Understood properly, the Christian doctrine of sin is a vision of wholeness, and Dante represents this tradition at its best. He does not label people as evil because they've fallen short of some ill-conceived, perfectionist goal. Dante's understanding of sin is far more subtle than that, and more humane. These days, we are likely to say to people struggling with addiction or mental illness that their hope lies in a perpetual state of recovery. Imagine for a moment that this is much more severe than anything Dante, or the desert monks, for that matter, had in mind. Their ultimate concern was how, as we deepen our relationship with God, we become more free to love, and more free to choose the good. The idea that one would be defined forever by one's sin or sickness would have seemed to them excessively cruel, more likely to engender hopelessness than hope.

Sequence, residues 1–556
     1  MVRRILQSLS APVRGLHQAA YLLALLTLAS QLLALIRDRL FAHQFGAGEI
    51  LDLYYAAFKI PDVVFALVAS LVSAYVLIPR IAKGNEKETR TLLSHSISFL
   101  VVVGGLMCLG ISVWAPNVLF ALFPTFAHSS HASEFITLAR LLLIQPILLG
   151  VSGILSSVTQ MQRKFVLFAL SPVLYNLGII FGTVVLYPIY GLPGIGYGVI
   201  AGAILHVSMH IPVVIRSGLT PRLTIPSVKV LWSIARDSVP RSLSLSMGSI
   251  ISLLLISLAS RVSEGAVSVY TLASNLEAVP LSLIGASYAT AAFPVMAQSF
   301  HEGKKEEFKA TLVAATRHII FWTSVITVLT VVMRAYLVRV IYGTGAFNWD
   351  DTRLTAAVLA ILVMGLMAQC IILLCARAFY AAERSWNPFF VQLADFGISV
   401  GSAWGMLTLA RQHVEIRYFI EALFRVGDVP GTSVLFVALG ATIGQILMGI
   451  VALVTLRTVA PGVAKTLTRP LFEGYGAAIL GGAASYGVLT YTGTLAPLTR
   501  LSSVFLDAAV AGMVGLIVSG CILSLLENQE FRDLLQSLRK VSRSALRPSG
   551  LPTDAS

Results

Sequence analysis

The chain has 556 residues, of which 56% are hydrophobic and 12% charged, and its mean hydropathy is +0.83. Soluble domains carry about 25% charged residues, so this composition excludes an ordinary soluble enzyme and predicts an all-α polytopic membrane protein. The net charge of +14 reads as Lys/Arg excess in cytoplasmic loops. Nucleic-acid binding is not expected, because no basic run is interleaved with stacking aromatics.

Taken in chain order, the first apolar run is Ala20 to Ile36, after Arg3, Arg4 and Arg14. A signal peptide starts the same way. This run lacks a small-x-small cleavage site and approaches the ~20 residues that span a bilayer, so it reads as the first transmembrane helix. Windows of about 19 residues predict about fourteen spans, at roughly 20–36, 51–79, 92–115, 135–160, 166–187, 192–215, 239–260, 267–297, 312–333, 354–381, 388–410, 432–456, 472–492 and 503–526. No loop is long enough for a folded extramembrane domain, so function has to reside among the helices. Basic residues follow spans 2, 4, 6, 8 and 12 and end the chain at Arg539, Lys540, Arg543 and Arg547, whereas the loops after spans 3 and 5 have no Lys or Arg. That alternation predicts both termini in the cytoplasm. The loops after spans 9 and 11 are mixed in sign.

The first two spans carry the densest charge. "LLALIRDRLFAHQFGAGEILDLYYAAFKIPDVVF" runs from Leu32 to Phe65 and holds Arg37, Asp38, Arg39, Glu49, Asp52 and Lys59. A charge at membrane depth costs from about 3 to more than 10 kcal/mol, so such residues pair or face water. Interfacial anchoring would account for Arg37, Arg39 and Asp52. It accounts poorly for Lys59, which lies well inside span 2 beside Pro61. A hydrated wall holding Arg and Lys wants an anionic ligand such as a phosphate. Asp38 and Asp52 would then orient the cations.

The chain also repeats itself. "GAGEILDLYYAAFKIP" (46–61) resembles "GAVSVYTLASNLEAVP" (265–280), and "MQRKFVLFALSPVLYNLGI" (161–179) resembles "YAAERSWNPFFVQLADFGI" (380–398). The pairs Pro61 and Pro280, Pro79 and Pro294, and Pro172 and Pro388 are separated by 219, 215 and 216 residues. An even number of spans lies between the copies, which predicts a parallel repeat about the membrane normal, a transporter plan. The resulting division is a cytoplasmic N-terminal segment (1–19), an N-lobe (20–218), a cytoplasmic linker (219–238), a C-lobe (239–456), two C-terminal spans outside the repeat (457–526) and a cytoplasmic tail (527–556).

Kathleen Norris, "Acedia & Me", pg 204-205